as OSS constitutions, democratic governance, inclusion, environmental protection, responsible pricing

of services, and staff recruitment and training.

One stop shops commonly face a range of problems with the initiation, start-up, and running phases of

the project. These include:

relatively large capital funding needs in relation to the size of the population;

short term nature of non-capital funding;

top down initiatives to take advantage of funding opportunities;

problems with certain types of partnership where, for example, different partners or different

client groups are more powerful or carry greater weight;

reconciling the needs of different users;

difficulties in maintaining enthusiasm and time commitments among volunteers

A number of key policy recommendations follow from the findings and analysis summarised above.

These are:

OSS at islands can be very effective in improving service provision, and so public policy

should be supportive. However, one stop shops are a means of generating and maintaining

community involvement in improving the range and quality of services and achieving greater

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integration on the ground rather than a means of reducing public expenditure in rural areas or

centralising public services and this should be recognised;

OSS at islands should not be regarded as a 'quick-fix' for the problems of rural service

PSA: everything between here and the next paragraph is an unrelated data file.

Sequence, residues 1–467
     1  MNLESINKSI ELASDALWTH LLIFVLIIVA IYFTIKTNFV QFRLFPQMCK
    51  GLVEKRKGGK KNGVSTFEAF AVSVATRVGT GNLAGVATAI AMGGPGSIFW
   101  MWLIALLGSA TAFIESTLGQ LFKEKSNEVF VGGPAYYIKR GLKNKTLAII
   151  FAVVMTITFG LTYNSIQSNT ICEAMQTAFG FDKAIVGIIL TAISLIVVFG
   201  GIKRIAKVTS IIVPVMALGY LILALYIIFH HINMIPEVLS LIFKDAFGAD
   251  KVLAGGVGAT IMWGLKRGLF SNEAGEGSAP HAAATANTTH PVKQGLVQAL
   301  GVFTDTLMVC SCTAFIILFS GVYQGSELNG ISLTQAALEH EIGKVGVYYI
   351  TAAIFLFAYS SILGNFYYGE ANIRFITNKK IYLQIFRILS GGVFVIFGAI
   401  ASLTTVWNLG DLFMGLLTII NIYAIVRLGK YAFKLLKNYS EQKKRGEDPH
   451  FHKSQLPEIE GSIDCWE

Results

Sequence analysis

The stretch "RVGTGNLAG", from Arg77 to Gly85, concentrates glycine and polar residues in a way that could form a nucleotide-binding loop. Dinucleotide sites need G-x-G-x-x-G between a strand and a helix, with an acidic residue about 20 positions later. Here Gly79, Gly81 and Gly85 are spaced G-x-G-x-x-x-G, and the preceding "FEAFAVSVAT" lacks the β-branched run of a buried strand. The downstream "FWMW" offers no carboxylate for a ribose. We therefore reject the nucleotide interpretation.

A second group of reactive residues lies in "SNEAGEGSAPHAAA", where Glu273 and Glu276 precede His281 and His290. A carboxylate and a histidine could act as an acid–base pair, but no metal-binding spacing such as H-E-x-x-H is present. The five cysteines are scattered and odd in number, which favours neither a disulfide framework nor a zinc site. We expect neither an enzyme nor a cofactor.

provision; they need careful analysis of the needs to be met, sound design and planning which

involves potential users as well as the providers, and provision for future expansion.

Public funding for community-led OSS at islands needs to address both capital costs and

longer-term funding needs. It must be flexible enough to meet community needs and support

their decisions - one size does not fit all, either in terms of the form that one stop shops take,

or in the nature of the community or partnership that is promoting them;

Public capital funding schemes should avoid over-prescription, leading to OSS proposals that

are essentially top-down and 'funding-led', and should encourage significant community and

agency involvement during the planning and design stages.

Policy to encourage Community Schools, while admirable in principle, fails to recognise some

very real problems and issues with this model. The policy needs to be reviewed by a multi-

disciplinary group that can also consider community and other user and provider viewpoints

from a wider perspective.

IV.

EU structural funds have played an enormous part in the development of UHI through investment in

estates and IT infrastructure, course development and delivery, learner support, blended learning,

wider access – and building up research capacity in the new institution. Many of the UHI’s key facilities

–as well as many others and the IT connections to link them up – were made possible through ERDF

investment. These set the scene for delivery of large numbers of EU funded projects on a variety of

themes from student exchanges to cutting edge research in key sectors for the Highlands & Islands

and Scotland.

UHI’s current status under the 2014-2020 structural funds programmes was made possible due to the